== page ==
Tips on Choosing the Right Tile Size and Shapes for your Home

Tips on Choosing the Right Tile Size and Shapes for your Home

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Choosing tiles for your home renovation can get overwhelming. It’s easy to fall into the rabbit hole with the endless number of tile designs, shapes, patterns, sizes, styles, and colors to choose from! We’ve gathered a few rules of thumb to help you truly personalize your space.


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1. Large-sized tiles make small rooms look larger.

Make a small room look larger with larger-sized floor tiles. Wonder how and why? Because you’ll see fewer grout lines that break the flow of the flooring. Don’t use tiles larger than 18’’ though, they’ll overwhelm a very small room.



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2. Small mosaic tiles are good for adding texture.

The use of small mosaic tiles makes a space flow well despite more frequent grout lines, because they blend around fixed settings such as in the toilet, sink, or bathroom. These tiles are also effective for creating a harmonized look on bathroom floors with tiled shower trays.


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3. Cross-lay rectangular tiles for long, rectangular rooms.

Cross-laying plank-style tiles on the floor of a long, rectangular room make the space appear wider than it actually is.


4. Use smaller tiles to define a space.

Smaller-sized tiles are great for creating a border of larger floor tiles in the middle, they give the impression of a cozier space.


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5. Opt for random patterns

Use random pattern tiles with the same color and finish. Your space may look small if you use non-random patterns and integrally patterned tiles.


Now, tile shapes matter just as much as the tile sizesthat you know the nitty-gritty, here’s a short guide to basic tile shapes that can help you select the right tiles design and shapes for your project.


1. Square-Shaped Tiles

They are the most predominant and the most common choice. Probably because they are easy to work with and easy to calculate how many tiles you’ll need. Most square tiles come in the following sizes: 2, 3, 4, 6, 8, 12, 16, 18, and 24 inches. But if you’re specifically looking for floor tiles, check out larger sizes from 6” upwards.



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2. Subway Tiles

These are classic. Subway tiles are a subset of rectangular tiles and come in a wide range of sizes, typically ranging from 1″, 2″, 3″ and 4″ in width, with lengths of 4″, 6″, 8″, and 12″. These tiles are frequently used for walls, particularly in kitchen and bathroom backsplashes, but also function well as floor tiles.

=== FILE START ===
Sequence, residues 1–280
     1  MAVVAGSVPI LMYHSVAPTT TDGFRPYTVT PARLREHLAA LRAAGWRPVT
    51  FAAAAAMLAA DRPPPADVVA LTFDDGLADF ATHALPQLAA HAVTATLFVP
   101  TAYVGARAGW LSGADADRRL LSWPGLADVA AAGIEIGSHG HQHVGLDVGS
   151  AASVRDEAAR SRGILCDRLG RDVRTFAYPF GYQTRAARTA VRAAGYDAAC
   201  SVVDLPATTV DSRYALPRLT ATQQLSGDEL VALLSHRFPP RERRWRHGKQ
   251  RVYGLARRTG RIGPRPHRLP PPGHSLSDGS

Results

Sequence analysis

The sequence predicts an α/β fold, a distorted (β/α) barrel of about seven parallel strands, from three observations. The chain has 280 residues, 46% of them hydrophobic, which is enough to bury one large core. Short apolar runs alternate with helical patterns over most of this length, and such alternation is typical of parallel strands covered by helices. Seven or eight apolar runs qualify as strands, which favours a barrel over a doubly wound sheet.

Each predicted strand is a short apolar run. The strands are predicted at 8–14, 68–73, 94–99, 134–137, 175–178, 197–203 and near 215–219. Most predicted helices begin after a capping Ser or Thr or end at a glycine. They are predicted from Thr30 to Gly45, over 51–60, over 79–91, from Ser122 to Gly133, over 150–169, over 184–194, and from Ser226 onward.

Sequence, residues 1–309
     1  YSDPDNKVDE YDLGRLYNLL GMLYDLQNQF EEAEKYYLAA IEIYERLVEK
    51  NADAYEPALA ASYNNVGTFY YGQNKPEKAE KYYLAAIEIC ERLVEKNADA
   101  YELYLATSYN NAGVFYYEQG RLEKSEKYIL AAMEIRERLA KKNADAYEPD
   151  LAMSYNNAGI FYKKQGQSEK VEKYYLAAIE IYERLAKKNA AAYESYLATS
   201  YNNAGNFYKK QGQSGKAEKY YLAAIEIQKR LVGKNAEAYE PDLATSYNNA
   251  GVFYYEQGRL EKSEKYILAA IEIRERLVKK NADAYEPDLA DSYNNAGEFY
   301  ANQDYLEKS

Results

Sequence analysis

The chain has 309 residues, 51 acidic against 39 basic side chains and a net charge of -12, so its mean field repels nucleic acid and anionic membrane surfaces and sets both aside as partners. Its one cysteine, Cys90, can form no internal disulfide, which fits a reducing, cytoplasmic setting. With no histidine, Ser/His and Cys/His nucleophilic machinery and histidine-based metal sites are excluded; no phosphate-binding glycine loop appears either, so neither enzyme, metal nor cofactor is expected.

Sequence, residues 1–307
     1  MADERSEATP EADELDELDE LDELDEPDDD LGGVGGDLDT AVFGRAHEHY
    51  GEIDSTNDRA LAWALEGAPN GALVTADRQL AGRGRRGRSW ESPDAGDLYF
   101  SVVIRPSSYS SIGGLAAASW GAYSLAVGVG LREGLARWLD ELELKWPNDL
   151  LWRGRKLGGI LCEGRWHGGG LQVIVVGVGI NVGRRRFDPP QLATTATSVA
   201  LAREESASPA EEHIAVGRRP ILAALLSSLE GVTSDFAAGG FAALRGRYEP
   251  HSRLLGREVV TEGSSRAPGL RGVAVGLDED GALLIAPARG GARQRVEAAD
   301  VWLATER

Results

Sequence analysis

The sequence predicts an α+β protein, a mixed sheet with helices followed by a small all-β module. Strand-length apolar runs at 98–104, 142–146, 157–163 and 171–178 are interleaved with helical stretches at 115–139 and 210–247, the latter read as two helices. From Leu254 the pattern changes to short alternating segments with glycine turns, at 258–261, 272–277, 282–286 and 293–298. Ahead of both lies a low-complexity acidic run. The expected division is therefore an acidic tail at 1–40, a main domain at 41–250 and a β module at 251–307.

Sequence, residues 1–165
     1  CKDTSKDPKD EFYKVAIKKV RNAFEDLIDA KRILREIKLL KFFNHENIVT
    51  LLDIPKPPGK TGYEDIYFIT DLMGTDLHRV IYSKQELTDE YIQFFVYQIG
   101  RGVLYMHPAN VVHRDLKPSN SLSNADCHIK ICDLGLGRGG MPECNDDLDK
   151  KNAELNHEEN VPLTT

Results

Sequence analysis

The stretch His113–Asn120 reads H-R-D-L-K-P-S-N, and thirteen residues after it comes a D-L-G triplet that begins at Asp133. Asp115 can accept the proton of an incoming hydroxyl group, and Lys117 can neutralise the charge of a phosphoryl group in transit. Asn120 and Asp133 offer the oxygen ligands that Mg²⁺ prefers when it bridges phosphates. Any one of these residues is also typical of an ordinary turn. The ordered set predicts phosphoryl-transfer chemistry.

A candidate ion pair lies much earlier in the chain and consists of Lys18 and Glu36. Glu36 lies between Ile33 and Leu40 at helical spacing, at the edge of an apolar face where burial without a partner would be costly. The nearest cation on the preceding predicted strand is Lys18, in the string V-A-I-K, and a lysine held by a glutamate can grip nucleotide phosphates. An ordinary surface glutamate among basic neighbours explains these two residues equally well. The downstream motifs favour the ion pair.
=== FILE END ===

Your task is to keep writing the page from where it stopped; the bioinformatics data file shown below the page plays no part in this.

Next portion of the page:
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3. Plank Tiles

With the advancements of printing technology, printing wood-look and stone-look ceramic tiles are now made possible! While most of the stone-look tiles are square or rectangular in shape, the wood-look ones come in plank-lengths to imitate the real size of the hardwood planks. But generally, you are more likely to encounter shorter lengths of plank tiles than the real thing. Plank tiles are also longer than subway tiles. Their width typically ranges from 4″, 6″, 7″, 8″ or 9″ and lengths of 12″, 24″, 36″, and 48″.

If you have medium to large space, plank tiles are recommended for you! These tile shapes create active patterns and visual interest in your space.



Photos Courtesy: Pexels


4. Hexagon And Octagon-Shaped Tiles

Hexagon and octagon tile shapes have a massive influence on interior trends. And has been popular for quite a while. These fit both for the wall and the floor. They generally come in 4’’ by 6’’ and 8’’ sizes. These tile shapes are the most classic way to decorate a bathroom floor and also serve as a classy backsplash.


If you’ve come this far, you probably already know the basics. Ready to jump in and stop by the nearest tile manufacturers?

You can also read about 5 tips on choosing the right tile for your kitchen if you’re into a kitchen renovation!




  • Effects Of Floor Tile Sizes And Shapes On Your Room Space. (n.d.). All American Flooring. Retrieved August 21, 2021, from

  • Tile Sizes and Tile Shapes for Your Floor – Buyers Guide. (n.d.-b). Home Flooring Pros. Retrieved August 21, 2021, from

  • Tile Sizes and Shapes Buying Guide. (n.d.). Avalon Flooring. Retrieved August 21, 2021, from

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